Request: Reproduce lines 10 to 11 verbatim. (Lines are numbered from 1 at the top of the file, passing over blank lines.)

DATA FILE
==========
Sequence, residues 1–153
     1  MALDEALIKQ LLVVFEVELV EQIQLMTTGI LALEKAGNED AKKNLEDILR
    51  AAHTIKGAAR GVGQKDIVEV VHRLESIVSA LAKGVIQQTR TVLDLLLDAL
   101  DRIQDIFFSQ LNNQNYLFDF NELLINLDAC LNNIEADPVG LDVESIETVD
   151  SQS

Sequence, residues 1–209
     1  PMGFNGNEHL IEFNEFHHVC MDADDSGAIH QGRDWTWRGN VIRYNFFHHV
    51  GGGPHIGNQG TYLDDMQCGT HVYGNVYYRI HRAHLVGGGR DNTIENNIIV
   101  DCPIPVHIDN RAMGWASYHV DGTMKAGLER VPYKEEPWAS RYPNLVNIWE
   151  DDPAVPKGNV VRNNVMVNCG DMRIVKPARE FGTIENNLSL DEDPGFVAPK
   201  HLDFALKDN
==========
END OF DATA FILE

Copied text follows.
   151  DDPAVPKGNV VRNNVMVNCG DMRIVKPARE FGTIENNLSL DEDPGFVAPK
   201  HLDFALKDN